theater

Jose Garcia / Southern Rep

This week on Inside the Arts, the Grammy Award-winning Kronos Quartet celebrates its 40th Anniversary season with a stop in New Orleans. Southern Rep Theater puts a fresh spin on Jane Austen's Pride and Prejudice. And, revelers will make a joyful noise as the Central City Festival gets underway.

Airs Tuesdays at 1:00 p.m. and Thursdays at 8:35 a.m.
 

Project 1 Voice

This week on Inside the Artsstaged readings commemorate the 50th Anniversary of the Birmingham church bombing that galvanized the Civil Rights Movement.

Summer Lyric Theater at Tulane University rounds out its 46th season with Cole Porter's most successful musical, Kiss Me, Kate. The multi-Tony Award winning musical opens tonight, and WWNO's Diane Mack goes Inside the Arts for a sneak peek.

Bossier’s Talented Arts Program will present a one-act play this week about the stresses that teenagers face in high school. The play “The Way It Is” explores issues like bullying and teenage suicide.

Benton High School junior Morgann Hutchinson plays a character who copes with helicopter parents. They’re overbearing and push her to the brink.

“This one hits home for me, and it’s probably one of my favorite high school productions," Hutchison said. "I really don’t ever get to act with real passion and emotion behind it where I can actually connect with my character.”

Stories from Da Dirt

Feb 14, 2013

We go Inside the Arts for conversation with Dr. Nancy Dawson, artistic director of the Tennessee based Music is Spirit theater group. She leads her African American historical theater group in Stories From Da Dirt this weekend in New Orleans.

Performances combine stories from the Underground Railroad, women in the Civil War, and the performance of African American spirituals.

Performance Schedule:

Saturday, Feb. 16:

A Broadway Mystery Worthy Of 'Rebecca'

Sep 25, 2012

There's a new mystery on Broadway — one about the musical Rebecca, based on the Daphne du Maurier novel.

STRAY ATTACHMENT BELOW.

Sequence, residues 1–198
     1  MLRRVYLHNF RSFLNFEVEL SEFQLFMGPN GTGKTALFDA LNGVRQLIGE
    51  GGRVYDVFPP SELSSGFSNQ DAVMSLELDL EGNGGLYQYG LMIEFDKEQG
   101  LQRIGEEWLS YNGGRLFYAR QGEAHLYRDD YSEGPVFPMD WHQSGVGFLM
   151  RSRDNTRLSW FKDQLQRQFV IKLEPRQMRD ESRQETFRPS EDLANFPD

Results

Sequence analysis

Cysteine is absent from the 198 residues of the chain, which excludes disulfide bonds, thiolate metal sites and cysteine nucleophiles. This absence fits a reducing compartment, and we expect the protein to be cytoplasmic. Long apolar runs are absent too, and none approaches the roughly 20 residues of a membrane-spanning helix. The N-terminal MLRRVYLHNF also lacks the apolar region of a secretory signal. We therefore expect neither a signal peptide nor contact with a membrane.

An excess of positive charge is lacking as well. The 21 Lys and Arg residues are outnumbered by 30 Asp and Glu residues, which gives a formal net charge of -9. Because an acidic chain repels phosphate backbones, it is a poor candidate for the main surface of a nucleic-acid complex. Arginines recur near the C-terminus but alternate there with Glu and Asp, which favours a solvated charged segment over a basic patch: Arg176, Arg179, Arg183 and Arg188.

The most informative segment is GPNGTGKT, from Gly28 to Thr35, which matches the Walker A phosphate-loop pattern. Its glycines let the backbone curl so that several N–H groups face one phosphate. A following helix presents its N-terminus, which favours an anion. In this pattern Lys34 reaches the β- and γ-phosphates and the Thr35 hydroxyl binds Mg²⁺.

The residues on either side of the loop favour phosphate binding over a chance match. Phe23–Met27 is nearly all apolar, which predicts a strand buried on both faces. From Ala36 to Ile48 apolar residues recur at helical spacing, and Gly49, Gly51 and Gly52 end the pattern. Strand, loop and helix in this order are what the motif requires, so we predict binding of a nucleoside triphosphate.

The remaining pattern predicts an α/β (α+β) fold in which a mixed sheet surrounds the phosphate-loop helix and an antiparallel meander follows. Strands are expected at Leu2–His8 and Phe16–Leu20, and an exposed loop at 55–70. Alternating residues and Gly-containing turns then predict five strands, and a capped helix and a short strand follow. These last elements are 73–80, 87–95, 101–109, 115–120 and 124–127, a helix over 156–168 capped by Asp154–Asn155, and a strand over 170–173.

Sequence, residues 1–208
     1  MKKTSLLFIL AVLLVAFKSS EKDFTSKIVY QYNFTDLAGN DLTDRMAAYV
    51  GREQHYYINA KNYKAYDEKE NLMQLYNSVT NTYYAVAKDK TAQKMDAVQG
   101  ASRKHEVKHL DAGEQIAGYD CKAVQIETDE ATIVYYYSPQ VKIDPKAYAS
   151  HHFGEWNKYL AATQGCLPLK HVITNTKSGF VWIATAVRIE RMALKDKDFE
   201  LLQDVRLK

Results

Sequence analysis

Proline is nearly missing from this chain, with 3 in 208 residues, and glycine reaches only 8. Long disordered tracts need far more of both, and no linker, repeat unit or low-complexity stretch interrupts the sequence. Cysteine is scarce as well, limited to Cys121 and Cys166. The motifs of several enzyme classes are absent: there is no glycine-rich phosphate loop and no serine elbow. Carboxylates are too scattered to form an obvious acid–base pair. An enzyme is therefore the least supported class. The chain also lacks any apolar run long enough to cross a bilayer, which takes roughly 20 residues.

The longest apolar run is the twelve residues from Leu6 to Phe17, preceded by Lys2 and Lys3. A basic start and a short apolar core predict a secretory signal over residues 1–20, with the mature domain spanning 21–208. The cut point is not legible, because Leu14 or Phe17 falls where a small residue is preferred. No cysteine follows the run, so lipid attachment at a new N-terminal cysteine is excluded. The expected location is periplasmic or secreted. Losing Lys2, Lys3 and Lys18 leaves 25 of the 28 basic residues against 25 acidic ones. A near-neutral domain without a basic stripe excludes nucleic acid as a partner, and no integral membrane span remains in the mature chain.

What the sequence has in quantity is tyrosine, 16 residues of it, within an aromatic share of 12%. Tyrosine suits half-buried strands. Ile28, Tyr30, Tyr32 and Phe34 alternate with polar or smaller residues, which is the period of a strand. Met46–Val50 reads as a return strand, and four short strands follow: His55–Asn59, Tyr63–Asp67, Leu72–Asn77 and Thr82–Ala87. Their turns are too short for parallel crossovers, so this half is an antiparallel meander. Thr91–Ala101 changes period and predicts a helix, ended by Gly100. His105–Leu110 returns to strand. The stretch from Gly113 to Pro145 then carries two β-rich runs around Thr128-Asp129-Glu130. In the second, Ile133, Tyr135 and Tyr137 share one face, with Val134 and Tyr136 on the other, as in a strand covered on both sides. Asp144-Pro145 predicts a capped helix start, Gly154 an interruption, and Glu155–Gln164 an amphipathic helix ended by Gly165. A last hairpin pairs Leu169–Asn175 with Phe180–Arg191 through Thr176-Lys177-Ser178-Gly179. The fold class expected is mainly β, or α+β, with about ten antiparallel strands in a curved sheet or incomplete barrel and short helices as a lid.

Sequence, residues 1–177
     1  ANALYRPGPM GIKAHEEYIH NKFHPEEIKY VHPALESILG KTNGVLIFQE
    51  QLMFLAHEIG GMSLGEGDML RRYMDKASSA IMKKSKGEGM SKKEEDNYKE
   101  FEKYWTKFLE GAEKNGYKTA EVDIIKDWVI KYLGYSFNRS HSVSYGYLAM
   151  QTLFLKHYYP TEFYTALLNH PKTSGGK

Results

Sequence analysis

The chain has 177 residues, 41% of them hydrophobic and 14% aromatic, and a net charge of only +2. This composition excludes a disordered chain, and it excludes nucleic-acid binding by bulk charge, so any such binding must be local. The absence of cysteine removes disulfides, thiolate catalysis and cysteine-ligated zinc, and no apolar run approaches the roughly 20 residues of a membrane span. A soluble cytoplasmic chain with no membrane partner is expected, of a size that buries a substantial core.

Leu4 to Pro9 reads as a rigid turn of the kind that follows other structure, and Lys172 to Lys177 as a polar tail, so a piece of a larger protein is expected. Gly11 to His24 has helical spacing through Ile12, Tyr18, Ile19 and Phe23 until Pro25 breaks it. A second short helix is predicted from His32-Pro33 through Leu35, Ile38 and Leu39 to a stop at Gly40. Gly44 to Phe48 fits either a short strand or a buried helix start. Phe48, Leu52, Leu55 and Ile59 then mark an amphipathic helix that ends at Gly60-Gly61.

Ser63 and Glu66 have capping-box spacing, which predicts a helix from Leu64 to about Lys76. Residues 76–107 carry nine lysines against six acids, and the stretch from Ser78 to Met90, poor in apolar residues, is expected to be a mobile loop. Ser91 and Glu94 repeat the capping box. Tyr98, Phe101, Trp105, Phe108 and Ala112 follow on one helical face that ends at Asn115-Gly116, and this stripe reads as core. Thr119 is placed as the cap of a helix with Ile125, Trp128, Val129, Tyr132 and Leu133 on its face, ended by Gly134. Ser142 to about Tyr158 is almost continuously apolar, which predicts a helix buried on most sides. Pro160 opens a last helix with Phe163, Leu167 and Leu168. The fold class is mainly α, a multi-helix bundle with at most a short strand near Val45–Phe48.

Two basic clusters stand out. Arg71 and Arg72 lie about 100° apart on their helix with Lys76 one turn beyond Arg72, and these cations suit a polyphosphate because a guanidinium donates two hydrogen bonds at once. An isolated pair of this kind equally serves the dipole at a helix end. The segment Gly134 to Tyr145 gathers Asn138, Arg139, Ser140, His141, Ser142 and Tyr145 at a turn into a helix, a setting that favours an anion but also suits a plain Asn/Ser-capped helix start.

You can't see it yet on the New York stage. In fact, it hasn't even started rehearsals. That's because the production is short $4.5 million after one of its investors died before he could hand over the money.

A new show featuring the music and dance moves of New Orleans singer and trumpeter Louis Prima opens next month at the National World War II Museum.

Prima, who was born in 1910 and died in 1978, had a decades-long career spanning the genres of jazz, swing and big band with such hits as "Sing! Sing! Sing!," ''Just A Gigolo," ''Oh Marie," ''That Old Black Magic" and "Basin Street Blues."

It all began last year, when the Library of Congress presented Samuel Beckett's Ohio Impromptu alongside a piece of music by composer Dina Koston, which responded to the text. A New York group, the Cygnus Ensemble, played the music, while Washington, D.C., director Joy Zinoman staged the play, for one night only.

During the next two weeks, the major political parties will assemble their faithful in Tampa, Fla., and Charlotte, N.C., to officially nominate their presidential tickets. These conventions were once places of high political drama. But over the decades, as the primary system has determined the candidates well in advance, conventions have become political theater. With that in mind, there's much to be said on staging in politics — not substance, but style.

This week on Inside the Arts you'll hear about a three-day birthday bash honoring the life, legacy and music of Louis Armstrong... we'll sashay down Julia Street for Whitney White Linen Night celebrations, throw a little poetry into the mix, and tackle tradition with a popular Broadway musical opening Uptown.

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